New Delhi: A panel formed by the government in 2006 has proposed the creation of a $2 billion fund to boost so-called secondary agriculture, including the extraction of oil from rice bran, milk from soya bean and industrial chemicals and biofuel from sugar cane, an official said.
Alternative use: A sugar cane field. The proposed fund for secondary agriculture will promote activities such as extraction of biofuel from sugar cane, oil from rice bran, and vitamins from food grains. Ramesh Pathania / Mint
“Since agri-related activities are spread across several (Central) ministries, the committee has (also) recommended that a central office coordinating the activities of different ministries be set up in the Planning Commission,” said the government official, who didn’t wish to be named.
The panel, called the Technical Advisory Committee for Secondary Agriculture, or Tacsa, may submit its draft report on ways to promote secondary agriculture to the Planning Commission deputy chairman Montek Singh Ahluwalia shortly, the official added.
Secondary agriculture typically includes activities such as extracting vitamins from food grains, medicines from herbs, fibre boards from rice straw, oil from rice bran and so on.
The 15-member committee, headed by D.P.S. Verma, a professor in the department of molecular genetics and plant biotechnology at the Ohio State University in the US, has also suggested the creation of an expert panel to support agriculture-led industries. Members of Tacsa include V.L. Chopra, a member of the Planning Commission, some non-resident Indians and representatives of industry and agricultural research institutions.
Tacsa’s draft report, a copy of which was reviewed by Mint, suggested setting up the fund — called the secondary agriculture innovation fund, or SAIF — during the 11th Plan (2007-12). Agriculture, which provides a living to some 70% of India’s population, accounts for just 19% of the country’s gross domestic product. Development of secondary agriculture may help raise the sector’s contribution threefold, according to Tacsa.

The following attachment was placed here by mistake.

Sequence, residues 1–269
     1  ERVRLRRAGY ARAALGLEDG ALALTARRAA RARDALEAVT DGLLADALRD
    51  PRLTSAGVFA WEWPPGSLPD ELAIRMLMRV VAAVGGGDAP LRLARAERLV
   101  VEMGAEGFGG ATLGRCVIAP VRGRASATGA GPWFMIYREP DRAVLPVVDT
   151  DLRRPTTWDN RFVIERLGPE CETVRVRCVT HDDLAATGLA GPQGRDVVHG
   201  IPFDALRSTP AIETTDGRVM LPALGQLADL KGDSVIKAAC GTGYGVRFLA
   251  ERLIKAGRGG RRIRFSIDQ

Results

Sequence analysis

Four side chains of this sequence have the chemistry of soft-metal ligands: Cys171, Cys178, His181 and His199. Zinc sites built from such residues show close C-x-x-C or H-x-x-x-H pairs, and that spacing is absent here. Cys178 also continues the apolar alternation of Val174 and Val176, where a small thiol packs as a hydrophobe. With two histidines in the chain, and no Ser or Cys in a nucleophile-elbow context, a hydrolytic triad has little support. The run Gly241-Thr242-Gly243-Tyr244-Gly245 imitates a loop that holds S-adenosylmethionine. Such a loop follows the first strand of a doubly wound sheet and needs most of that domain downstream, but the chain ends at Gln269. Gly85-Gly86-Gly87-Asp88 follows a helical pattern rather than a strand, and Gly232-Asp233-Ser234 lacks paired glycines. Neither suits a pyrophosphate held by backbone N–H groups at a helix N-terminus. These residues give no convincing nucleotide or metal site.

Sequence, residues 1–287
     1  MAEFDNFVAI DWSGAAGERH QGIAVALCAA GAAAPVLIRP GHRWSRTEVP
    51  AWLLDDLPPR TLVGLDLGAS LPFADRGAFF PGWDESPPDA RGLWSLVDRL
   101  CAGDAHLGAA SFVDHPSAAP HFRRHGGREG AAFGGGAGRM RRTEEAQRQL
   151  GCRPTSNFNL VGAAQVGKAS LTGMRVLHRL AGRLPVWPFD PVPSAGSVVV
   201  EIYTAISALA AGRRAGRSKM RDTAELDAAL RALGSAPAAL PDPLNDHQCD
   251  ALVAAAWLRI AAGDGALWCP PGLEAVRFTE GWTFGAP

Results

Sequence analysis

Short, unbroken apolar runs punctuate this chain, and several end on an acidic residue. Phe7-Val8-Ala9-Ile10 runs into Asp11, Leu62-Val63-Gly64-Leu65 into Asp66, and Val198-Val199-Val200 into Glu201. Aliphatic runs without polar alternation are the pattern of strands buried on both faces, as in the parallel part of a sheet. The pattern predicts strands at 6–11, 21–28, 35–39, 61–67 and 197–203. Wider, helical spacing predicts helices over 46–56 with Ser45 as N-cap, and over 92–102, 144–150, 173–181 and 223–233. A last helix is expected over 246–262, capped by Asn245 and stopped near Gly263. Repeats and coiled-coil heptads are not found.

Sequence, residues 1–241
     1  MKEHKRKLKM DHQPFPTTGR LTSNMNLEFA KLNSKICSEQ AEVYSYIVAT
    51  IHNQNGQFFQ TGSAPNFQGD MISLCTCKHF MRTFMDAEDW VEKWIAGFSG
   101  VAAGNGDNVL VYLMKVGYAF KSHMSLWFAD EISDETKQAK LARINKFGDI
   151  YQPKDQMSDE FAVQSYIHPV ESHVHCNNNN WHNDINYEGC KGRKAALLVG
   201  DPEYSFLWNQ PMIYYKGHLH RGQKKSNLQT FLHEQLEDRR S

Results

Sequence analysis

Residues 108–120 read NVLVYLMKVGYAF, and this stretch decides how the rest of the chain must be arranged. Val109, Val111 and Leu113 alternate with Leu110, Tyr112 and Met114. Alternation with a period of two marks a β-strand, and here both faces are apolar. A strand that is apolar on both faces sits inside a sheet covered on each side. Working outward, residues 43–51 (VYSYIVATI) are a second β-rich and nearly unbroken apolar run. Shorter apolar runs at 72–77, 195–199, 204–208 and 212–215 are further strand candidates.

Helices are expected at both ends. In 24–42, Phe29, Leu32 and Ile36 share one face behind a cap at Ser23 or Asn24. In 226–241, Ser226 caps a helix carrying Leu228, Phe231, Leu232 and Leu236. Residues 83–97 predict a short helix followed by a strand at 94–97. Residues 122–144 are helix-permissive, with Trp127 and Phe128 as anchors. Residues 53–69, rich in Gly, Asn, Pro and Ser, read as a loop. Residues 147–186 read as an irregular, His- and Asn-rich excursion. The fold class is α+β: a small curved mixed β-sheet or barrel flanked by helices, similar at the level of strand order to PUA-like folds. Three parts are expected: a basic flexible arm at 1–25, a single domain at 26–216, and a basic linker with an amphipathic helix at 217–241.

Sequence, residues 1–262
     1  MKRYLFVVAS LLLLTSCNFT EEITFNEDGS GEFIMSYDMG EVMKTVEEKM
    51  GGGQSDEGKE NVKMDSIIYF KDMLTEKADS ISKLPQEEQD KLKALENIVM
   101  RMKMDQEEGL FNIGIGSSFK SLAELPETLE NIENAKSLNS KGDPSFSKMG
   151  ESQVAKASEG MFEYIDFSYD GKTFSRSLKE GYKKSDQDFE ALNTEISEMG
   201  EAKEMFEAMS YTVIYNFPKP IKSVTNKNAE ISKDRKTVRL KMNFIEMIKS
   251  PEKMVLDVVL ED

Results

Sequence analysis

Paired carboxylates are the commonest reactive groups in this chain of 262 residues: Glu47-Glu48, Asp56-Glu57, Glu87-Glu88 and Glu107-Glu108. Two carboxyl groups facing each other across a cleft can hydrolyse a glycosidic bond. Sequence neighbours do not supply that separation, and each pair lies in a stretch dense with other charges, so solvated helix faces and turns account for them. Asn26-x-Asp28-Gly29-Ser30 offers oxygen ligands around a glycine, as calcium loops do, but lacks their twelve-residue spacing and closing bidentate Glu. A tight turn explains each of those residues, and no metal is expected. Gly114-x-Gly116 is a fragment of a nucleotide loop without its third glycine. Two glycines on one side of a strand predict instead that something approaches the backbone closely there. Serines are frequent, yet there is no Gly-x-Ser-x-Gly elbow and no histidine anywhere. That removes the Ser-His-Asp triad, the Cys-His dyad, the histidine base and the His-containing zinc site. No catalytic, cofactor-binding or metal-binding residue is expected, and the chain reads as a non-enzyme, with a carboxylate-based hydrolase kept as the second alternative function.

The panel suggested that SAIF be treated as a venture capital (VC) fund with expected returns in a defined time period. It called for an equal contribution to be made by domestic and international VC funds and expects to raise the effective investment in the fund eventually to nearly $6-8 billion. The report suggested renaming the ministry of food processing as ministry of bio-processing, which will include non-food agriculture-related industries.
“The fund (should) be managed by an autonomous special purpose vehicle (called Secondary Agriculture Innovation Fund Ltd) with the sole purpose of building innovative bio-processing ventures, to operate as a business and administered by the ministry of bio-processing,” it said.
Some experts, however, say that too much emphasis is being laid on the initial capital.
“Capital is no more a problem with a number of corporates getting into retailing of agriculture produce as also contract farming,” said Y.K. Alagh, chairman of the Institute of Rural Management Anand. “Also banks and cooperatives are putting in money. So I don’t know how will venture capital help.”
He cited initiatives such as the Tata group’s Kisan Sansar network, which uses remote-sensing technology to analyse soil and crop health and inform farmers about pest attacks, helping them produce better crops and higher yields. DCM Shriram Consolidated Ltd runs rural stores known as Hariyali Kisaan Bazar that retail farm products.